even-pence: lit. ‘equal pennies’, the same or equal pay.
ever-each: each and every one.
evil-at-ease: sick; distressed.
except: with the exclusion of, without, aside from, besides (from ‘outakun: take out’).
excite: to encourage.
excusation: (n) an excuse.
execrable: detestable, extremely bad.
exemplar: a model, pattern, example (from (‘en)saumpler’).
exercitation: (n) exercise, exertion.
expedient: advantageous, profitable.
expedite: hasten or speed (up).
experiment: to make a test or trial, an assay.
expound: to state or declare in detail; to explain or interpret.
facility: ease, easiness.
faculties: gifts or possessions.
fair: beautiful; seemly.
faithful: ‘full of faith’, believing.
famed: (v) proclaimed, celebrated.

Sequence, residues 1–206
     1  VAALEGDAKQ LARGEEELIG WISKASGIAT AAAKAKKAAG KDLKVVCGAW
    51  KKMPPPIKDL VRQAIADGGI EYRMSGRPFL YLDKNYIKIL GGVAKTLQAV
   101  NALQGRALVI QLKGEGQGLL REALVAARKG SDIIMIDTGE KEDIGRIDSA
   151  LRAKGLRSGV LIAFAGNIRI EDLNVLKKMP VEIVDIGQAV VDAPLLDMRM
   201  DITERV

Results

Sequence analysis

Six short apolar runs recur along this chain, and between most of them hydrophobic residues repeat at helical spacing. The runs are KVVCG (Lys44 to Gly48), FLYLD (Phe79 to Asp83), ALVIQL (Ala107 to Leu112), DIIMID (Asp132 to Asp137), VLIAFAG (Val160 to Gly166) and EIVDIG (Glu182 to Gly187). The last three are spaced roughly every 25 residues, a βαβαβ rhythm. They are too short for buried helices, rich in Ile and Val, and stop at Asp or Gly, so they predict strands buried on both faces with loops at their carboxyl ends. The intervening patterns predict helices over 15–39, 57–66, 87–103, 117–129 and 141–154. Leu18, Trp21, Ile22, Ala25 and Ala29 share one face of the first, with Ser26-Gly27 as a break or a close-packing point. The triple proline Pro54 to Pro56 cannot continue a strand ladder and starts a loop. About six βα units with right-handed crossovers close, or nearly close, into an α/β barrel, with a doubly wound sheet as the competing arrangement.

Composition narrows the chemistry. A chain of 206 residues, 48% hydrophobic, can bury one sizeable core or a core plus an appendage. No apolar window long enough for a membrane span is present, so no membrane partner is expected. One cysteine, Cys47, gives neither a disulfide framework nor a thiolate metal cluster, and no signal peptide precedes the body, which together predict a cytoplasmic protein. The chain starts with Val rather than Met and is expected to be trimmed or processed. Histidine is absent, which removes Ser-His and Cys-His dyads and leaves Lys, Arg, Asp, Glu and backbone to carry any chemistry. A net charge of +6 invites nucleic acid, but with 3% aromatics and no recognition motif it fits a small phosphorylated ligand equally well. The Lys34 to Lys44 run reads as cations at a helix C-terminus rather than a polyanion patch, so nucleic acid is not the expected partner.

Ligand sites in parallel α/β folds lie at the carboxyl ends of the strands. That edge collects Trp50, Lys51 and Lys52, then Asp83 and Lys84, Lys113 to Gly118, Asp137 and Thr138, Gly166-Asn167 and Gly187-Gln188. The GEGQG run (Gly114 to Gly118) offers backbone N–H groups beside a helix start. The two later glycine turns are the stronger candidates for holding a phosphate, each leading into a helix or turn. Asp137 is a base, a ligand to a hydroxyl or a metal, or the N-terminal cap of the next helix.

family: from ‘meyne’.
farthing: a small British coin of bronze, worth ¼ of a penny.
fear you: make you have fear or to be afraid.
feeble: maimed, crippled; weak.
feed-trough: a trough or open box in a stable designed to hold feed or fodder for livestock, a ‘manger’ (from Old French ‘cratch’, which survives in ‘crèche: a crib for feed, as well as a representation of the Nativity or ‘manager’ scene’; see ‘cratch’).
feel: to perceive; to think or judge (also ‘feeled’, ‘feeling’).
feign: to make a false show of or a sham.
fell (wisdom): wicked or deceitful.
fen: marsh, bog.
fescue: a piece of straw, a mote or a speck of dust.
field place: a plain.
fiend: a devil; the Devil.
figure: (n) form, pattern, example; design.
fill: to supply with as much as can be contained, to become full.
filled: completed, fulfilled; full.
filthhood: dirtiness, shamefulness.
firm: solid, stable, secure (from ‘sad’; also ‘firmer’).
firmness: moral constancy.
flew: fled (p.t. of flee).
flock: (n) a group of the same type of animals, ‘a herd’.
flood: a great body of flowing water, a stream or river; waves.